Rocky Outback Gore-Tex Waterproof Hikers
Prior to ShotShow 2016, I laid out a challenge to the various footwear companies. The shear enormity of ShotShow, with so many acres of concrete floor space is murderous to anyone’s feet. Couple that with my own personal difficulties and the week of ShotShow is down right painful. During ShotShow 2015, I would return to my hotel nightly with take out food in hand because it was too painful to get to my feet once I got off of them for any time at all. My challenge, after such an experience, was to ask who had a product that could get me through ShotShow pain free? Rocky Boots stepped up to meet that challenge for ShotShow 2016 with a pair of Lakeland hikers and the difference was astounding.
The problems to overcome are as follows: Range Day – 9 hours of continuous walking on uneven rocky terrain. ShowShow – 4 days consisting of 9 hours of continuous walking on concrete floors. Personal issues – extra wide, flat, diabetic feet carrying 300 lbs of person plus camera equipment, audio equipment and promotional information.
I maintain that the choice of Rocky to send the Lakeland hikers last year was the best possible shoe for the rigors of ShotShow. If there was one thing lacking in that boot it was the tread. While clearly the best for hard floors a slightly more aggressive tread may have improved the boot for outdoor use.
This year Rocky decided to try again and sent over the Outback Gore-Tex Waterproof Hikers. While similar in many ways, this year’s boot was more of an all around offering. The boots are light weight and, as advertised, completely waterproof. There is a light Gore-Tex insulation that really worked well for me. The insulation was light enough that I didn’t sweat when working at ShotShow but I also never got cold while shoveling 7 inches of snow from my driveway. The insulation seems a very happy medium for my needs.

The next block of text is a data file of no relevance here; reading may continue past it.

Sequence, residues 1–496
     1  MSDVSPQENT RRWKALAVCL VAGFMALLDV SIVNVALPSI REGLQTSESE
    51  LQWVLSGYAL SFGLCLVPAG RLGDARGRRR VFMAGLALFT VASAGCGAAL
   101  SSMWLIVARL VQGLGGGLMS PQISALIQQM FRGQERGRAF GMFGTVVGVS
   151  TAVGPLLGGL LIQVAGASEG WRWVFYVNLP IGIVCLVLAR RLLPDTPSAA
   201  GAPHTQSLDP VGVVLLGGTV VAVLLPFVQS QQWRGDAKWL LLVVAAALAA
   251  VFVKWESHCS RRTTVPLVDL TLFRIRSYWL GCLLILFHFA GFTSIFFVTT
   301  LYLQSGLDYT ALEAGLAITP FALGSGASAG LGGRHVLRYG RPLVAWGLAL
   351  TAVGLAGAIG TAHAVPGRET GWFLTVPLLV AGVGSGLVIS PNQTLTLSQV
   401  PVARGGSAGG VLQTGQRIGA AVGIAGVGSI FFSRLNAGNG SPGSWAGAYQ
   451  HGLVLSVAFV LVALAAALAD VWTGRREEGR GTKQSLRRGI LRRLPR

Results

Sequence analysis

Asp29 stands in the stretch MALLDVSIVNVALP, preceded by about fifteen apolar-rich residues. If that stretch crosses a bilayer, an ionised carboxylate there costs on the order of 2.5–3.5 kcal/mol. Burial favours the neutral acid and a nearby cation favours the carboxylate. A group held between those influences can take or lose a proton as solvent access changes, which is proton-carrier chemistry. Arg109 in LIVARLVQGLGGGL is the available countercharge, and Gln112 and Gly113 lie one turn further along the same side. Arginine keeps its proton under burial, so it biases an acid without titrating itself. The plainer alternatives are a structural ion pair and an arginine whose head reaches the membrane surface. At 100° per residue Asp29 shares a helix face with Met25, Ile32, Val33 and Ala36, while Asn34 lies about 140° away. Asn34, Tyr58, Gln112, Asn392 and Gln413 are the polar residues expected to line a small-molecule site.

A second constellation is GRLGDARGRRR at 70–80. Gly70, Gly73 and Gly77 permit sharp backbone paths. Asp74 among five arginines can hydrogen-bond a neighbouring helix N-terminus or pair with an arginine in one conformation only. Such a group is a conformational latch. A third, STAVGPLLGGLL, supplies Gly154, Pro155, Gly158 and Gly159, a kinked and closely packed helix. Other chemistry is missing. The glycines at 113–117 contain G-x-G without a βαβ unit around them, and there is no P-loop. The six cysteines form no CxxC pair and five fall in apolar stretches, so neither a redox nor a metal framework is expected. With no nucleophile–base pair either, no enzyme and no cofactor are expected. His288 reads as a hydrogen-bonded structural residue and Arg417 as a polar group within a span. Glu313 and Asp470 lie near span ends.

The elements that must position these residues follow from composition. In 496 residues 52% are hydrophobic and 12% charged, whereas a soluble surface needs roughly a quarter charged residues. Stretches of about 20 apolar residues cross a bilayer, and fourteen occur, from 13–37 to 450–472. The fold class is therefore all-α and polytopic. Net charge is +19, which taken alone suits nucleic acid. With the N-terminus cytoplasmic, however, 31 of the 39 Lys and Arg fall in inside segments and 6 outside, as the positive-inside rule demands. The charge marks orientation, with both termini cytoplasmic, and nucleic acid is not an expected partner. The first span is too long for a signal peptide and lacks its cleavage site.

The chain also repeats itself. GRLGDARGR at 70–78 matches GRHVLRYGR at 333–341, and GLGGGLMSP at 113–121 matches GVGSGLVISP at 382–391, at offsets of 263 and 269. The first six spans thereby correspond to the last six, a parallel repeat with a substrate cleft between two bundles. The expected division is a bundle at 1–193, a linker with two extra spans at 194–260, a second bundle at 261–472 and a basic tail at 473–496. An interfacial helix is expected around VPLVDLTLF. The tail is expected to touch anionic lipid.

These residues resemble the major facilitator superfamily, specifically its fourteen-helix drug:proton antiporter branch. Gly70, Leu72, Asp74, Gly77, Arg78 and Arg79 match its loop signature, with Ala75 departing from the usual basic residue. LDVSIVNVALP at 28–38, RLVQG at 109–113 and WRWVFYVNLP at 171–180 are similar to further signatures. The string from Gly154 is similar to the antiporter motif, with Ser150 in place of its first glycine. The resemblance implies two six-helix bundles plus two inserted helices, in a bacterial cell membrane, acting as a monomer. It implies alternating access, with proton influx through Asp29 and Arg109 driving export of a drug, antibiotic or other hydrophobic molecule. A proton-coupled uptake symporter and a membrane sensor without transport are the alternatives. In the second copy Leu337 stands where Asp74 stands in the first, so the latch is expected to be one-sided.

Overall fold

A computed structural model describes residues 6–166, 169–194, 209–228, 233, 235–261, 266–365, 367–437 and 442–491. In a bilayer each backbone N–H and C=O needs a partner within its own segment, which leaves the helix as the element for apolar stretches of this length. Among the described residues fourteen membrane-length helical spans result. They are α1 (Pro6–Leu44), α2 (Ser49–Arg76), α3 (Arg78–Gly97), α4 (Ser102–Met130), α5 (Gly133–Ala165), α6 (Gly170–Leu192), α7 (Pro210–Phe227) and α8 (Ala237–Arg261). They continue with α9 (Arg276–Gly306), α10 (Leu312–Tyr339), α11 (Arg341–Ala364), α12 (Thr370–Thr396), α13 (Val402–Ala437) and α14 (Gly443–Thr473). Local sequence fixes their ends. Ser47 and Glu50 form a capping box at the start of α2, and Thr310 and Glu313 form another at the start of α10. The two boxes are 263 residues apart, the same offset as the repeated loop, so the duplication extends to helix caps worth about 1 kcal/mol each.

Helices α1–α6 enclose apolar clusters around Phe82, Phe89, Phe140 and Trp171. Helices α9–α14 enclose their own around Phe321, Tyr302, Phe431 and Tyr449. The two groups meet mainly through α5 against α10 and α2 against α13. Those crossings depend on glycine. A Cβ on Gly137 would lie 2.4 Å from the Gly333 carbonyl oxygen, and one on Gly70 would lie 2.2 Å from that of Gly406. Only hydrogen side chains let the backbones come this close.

I also appreciated the grip of the more aggressive tread provided with the Outback. I find the more traditional and rugged pattern lends more confidence in wet and slick situations. I also liked the placement and style of eyelets used in the upper portion of the boot. These eyelets are better positioned to tighten the boot all the way to the top, giving a relatively short boot more ability to provide actual ankle support. I feel much better about the protection provided in the case of a misstep. The difference that could keep a rolled ankle from becoming a broken ankle.
There is a little trade off in comfort. The Lakeland boots provided a microfiber interior and a softness that isn’t found in most boots. This isn’t possible in the Outback because of the Gore-Tex lining. I would point out that the real level of comfort comes from the fit. I was recently fitted for New Balance walking shoes in a width of 6E. After buying inserts to support my arches the cost was over $190. Even with all my problems Rocky has been able to provide a comfortable fit for me each time. This year I considered changing to those New Balance shoes on Thursday morning (day 4 of the ShotShow week), I didn’t make it out of the hotel before changing back to the Rocky Outbacks. There was simply no better option for me. The support in the walking shoes was too much to allow so much walking and standing. The Rocky Outbacks gave me what I needed and got me through the week.
Rocky Boots has proven itself to me over and over. I have a new favorite for an all around work boot.